Make room, Kenton Paulino -- you've got company.
Cameron Ridley got off a last second shot much closer to the basket than Paulino was when he shot Texas into the Elite Eight back in 2006, but don't let the proximity to the rim fool you: Ridley's shot was every bit as difficult in its own way. The big fella had to scoop up a loose rebound from his knees, rise, shoot with his left hand, avoid one of the nation's premier shot blockers, and make the basket. All in less than a second.
Ridley managed to do it, though, his buzzer beater lifting Texas to an 87-85 in its opening round match up against Arizona State.
What a great, great college basketball game. And what a strange one, as well. If you'd have told me before the game that Jonathan Holmes was going to be ineffective for most of the game and Arizona State was going to put up 85 points on 54% shooting, I'd have assumed I was getting ready to watch Texas lose by double digits. But here we are, in large part because the Texas offense looked a whole lot more like that of its next opponent -- Michigan -- than the one that struggled down the stretch of the Big 12 season.
For a while, it looked like Texas might pull away from the Sun Devils, as the Longhorns opened up a 14 point lead midway through the second half. But ASU came roaring back, aided in part by some generous officiating that sent Jahii Carson to the line any time Texas breathed on him, and in part by a barrage of three-pointers, including four from Jonathan Gilling.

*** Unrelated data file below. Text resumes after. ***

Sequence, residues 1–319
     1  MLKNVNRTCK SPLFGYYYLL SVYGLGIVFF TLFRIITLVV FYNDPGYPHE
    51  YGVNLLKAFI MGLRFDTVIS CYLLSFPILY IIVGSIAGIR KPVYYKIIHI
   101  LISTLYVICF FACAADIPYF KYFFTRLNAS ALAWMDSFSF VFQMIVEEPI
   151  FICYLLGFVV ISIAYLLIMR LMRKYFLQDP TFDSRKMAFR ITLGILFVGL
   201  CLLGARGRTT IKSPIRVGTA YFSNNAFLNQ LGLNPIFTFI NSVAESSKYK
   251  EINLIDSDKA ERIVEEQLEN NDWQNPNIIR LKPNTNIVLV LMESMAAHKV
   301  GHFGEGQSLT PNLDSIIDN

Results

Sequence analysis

This group of young Longhorns once again showed incredible mental toughness, however, answering with big buckets when ASU managed to tie the game or retake the lead. It felt like one of those games where you just knew as your team's lead evaporated that the game was going to end in heartbreak. And it did, just not for who I expected.
Kudos to this team for doing what it's been doing since holding off Mercer way back in November. Because there's nothing more satisfying than doing it in March.
* Gilling's four second half threes were a microcosm of a game-long problem for our young defenders, who did a good job helping one another to keep Carson from teeing off, but seemingly did so at the expense of identifying ASU's two lethal shooters: Gilling and Jermaine Marshall. Although Marshall has enough all-around game to present a defensive challenge in any case, our unawareness with Gilling simply reflected youthful inattention -- we're talking about a player who took 152 of his 191 shots on the season from beyond the arc, and connected on 43% of them. We'll need to be much more cognizant of Michigan's shooters if we hope for a different result; the Wolverines can fill it up from three-point range in a hurry.